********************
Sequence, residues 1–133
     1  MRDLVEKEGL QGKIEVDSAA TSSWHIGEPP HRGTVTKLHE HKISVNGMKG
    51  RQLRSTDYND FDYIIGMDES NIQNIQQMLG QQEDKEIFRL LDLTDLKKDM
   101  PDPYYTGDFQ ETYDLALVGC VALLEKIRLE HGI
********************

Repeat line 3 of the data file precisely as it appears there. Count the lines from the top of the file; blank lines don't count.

    51  RQLRSTDYND FDYIIGMDES NIQNIQQMLG QQEDKEIFRL LDLTDLKKDM